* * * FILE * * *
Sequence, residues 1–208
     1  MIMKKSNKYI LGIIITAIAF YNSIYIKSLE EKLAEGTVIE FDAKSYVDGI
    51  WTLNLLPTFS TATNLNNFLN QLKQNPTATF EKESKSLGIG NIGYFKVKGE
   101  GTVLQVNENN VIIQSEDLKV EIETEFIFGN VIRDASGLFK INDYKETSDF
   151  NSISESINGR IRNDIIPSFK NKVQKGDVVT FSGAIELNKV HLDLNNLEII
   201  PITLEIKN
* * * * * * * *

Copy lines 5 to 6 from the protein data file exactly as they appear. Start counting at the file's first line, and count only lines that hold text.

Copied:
   151  NSISESINGR IRNDIIPSFK NKVQKGDVVT FSGAIELNKV HLDLNNLEII
   201  PITLEIKN